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For example: If one of you gets up way earlier than the other, ditch the screeching loud alarm clock. Instead, opt for a vibrating alarm, advises Shelby Harris, a clinical associate professor of neurology and psychology at the Albert Einstein College of Medicine in the Bronx. If you wear a smartwatch to bed, you could configure it there; you could also test out the Shake-N-Wake Vibrating Alarm Clock, or one of many similar options available online. Vibrating alarms are typically designed to slide underneath your pillow, and they’re popular among people who are hard-of-hearing, as well as early risers who don’t want to disturb their partner. “They’re really useful for some people,” says Harris, who’s the author of The Women's Guide to Overcoming Insomnia. “I try to get people away from regular clocks if the other person is really sensitive.”

Buy more pillows than you think you need

If your partner is creating light that bothers you, it’s time to build a pillow wall. Everyone should have at least two comfortable pillows, so that couples aren’t fighting over who gets the best one, Thewes says. Then invest in extras that can line the space between the two of you. “If you’re trying to go to sleep and your partner is watching their devices, it's like a tiny wall there, because you can't see over it,” he says.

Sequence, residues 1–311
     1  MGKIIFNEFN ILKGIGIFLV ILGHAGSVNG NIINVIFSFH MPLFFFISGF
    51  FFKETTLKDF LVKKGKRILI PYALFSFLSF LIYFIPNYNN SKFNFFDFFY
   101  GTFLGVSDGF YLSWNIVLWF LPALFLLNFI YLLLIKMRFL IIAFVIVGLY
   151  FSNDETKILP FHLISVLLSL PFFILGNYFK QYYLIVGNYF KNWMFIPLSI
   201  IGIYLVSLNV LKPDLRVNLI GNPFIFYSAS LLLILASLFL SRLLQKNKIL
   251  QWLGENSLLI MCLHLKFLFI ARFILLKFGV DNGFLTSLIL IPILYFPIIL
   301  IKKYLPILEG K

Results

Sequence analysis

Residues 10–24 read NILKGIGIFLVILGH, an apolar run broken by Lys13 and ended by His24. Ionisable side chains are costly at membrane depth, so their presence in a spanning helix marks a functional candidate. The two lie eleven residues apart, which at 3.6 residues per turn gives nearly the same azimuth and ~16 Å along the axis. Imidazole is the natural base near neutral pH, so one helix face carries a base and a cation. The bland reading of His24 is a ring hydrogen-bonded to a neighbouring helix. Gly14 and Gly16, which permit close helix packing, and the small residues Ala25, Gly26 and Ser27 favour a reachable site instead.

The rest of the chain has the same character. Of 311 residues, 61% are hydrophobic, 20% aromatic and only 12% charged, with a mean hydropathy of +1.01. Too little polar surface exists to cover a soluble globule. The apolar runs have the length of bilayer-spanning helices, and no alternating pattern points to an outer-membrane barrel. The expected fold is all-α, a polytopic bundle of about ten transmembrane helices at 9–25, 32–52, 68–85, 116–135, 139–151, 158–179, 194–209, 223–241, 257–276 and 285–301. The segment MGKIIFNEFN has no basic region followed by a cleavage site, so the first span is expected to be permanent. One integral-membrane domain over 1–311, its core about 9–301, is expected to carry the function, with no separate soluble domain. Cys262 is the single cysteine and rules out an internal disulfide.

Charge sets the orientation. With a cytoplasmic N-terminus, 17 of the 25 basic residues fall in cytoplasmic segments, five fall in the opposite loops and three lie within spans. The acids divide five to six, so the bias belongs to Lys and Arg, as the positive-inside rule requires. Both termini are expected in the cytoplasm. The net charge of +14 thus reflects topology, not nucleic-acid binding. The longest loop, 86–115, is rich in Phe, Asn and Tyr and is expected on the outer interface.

Test out an eye mask

These days, they come in many different styles, Bahrenfuss points out. Some are marketed as “blackout” masks and designed to block all light; others are made out of silk or are weighted. “Smart masks” are equipped with features like bluetooth headphones and even soothing heat and vibration, taking the eyemask experience to the next level.

Change the temperature of your bed

Thewes runs cool, while his wife tends to be warmer. So who gets the final say on the thermostat? It turns out it doesn't matter: The couple invested in a dual-zone temperature system for their bed. A variety of companies offer contraptions that pump warm or cool into the bed, allowing each person to choose whatever temperature they like best for their own side. BedJet’s system, for example, can blast air that’s between 66°F and 104°F—at the same time. It’s brilliant,” Thewes says. “You can’t feel the other person’s [settings] at all. I go on vacation now, and it doesn’t matter how nice the bed is, I’m like, ‘I’m missing the ability to control the temperature.’”